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Wet Walls Bathroom Glasgow, Scotland

If you’re thinking about replacing your shower, you’ve probably visited a few bathroom stores and been startled by the variety of options
available. Even selecting a shower valve may be perplexing, so here’s a guide to help you figure out what’s what when it comes to
showers.

Manual valves

This is the most basic kind of shower. The flow of water and the temperature are both controlled by a single lever on most manual
showers. They are extremely easy to use and generally do not cost a lot of money.

Thermostatic controls

A thermostatic shower valve has the benefit of maintaining a consistent, uniform temperature while dealing with variations in the flow and
temperature of the hot and cold water inputs. If the cold water supply fails, most thermostatic valves include additional anti-scald safety
measures and will shut off the water flow.

Concealed vs exposed

The way the shower valve is placed on the wall is referred to as concealed or exposed. The majority of a concealed shower valve is
covered behind the shower wall, leaving just the control levers visible. The whole mechanism is visible thanks to an exposed valve placed
on the shower wall. Shower valves may be placed in a variety of ways, including visible or hidden.

Twin valves

A twin valve, unlike a single lever valve, has two controls: one for the rate of water flow and the other for the water temperature.

Triple valves

A triple valve contains three controls: one for water flow, one for temperature, and one for a diverter. If you have two shower heads, the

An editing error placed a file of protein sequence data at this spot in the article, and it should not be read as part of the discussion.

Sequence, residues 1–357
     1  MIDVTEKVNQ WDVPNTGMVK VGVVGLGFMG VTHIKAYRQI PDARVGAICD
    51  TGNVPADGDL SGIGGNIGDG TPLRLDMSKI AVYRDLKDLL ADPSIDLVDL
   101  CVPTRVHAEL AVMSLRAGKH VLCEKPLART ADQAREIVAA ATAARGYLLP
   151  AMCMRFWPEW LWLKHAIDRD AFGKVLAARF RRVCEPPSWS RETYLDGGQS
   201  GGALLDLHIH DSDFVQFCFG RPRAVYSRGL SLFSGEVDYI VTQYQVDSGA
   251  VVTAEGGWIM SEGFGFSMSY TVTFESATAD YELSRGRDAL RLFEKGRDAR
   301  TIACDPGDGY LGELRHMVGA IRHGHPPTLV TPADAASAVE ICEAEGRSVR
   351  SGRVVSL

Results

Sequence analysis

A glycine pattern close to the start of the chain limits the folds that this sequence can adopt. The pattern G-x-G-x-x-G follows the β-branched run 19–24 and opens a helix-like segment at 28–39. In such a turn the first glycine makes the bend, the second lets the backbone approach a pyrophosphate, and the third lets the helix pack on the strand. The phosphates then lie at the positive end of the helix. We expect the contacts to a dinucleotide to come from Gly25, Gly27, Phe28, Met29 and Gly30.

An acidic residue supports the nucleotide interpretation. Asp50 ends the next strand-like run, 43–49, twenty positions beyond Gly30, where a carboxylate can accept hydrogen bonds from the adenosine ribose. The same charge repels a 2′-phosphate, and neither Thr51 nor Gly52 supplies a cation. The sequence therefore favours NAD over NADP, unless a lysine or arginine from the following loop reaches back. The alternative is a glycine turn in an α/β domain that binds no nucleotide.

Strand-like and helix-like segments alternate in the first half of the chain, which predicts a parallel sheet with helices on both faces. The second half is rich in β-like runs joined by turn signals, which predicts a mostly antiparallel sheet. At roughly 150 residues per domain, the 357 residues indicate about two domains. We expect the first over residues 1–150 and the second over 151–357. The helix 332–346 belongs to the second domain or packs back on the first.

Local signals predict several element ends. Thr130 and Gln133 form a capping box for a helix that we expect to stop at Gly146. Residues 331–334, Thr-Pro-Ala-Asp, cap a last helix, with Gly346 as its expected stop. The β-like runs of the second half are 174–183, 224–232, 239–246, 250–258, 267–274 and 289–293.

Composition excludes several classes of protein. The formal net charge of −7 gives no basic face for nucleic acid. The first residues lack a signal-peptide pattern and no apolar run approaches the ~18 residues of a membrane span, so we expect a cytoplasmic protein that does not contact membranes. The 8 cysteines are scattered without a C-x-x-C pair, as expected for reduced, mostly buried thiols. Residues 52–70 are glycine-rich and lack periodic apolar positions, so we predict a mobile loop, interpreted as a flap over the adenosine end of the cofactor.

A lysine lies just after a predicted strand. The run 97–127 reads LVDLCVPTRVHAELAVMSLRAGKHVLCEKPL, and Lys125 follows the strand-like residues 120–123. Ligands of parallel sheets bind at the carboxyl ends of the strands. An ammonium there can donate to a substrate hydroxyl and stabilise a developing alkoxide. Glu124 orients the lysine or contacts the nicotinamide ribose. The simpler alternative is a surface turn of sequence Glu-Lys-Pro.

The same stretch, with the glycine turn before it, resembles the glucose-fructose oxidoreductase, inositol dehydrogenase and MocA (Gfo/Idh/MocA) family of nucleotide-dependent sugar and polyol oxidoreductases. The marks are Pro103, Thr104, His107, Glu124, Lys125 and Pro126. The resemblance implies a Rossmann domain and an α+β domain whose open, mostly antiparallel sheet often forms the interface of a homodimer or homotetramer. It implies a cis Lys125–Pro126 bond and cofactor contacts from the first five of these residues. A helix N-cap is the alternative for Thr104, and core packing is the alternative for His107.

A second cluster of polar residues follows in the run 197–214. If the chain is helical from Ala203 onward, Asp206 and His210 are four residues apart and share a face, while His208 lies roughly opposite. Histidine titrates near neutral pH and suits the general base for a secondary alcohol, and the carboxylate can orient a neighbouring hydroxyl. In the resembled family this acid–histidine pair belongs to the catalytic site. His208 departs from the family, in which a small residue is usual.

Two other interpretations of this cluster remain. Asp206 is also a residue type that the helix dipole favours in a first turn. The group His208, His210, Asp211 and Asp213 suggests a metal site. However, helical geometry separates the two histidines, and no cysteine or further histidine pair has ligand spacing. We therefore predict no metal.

diverter comes in handy. A fixed shower head above the shower and a hand-held shower head are becoming increasingly popular. You
may choose which shower head receives water from a triple shower valve’s diverter.

Sequential valves

We received a lot of inquiries about this one. A sequential valve has a single lever that functions similarly to a knob on an oven. The
shower is turned off when the lever is completely anti-clockwise. The shower will turn on as you move the lever. When using a sequential
valve, “on” implies “completely on,” which means you’ll have full pressure right immediately. The temperature of the water rises as the
lever is rotated farther.

Shower panels

The shower panel, sometimes known as a shower tower, is a relatively modern addition. This is a single unit that includes everything
you’ll need for a fantastic shower experience. A shower valve (typically thermostatic), a diverter, a fixed shower head, a hand held shower,
and numerous body jets are common features. Shower panels are simple to install, but they do need a lot of water pressure to function
well, so you may want to consider installing a shower pump as well.

Electric showers

Electric showers heat the water as it goes through the shower, thus they just need a cold water supply and don’t require any hot water to
operate. En-suites with electric showers are especially popular.

Power showers

A power shower is a shower that has a built-in pump. Both hot and cold water are required for a power shower. A power shower does not
heat the water; instead, it pushes water through at a higher pressure, resulting in a more powerful shower. When water pressure is low,
such as in a bungalow, power showers are perfect.

That’s all there is to it. It’s not all there is to know about showering, but it’s a start!

To discuss your new bathroom project and the various modern shower options, contact Luke Lloyd Builders for professional bathroom installation in Glasgow by clicking here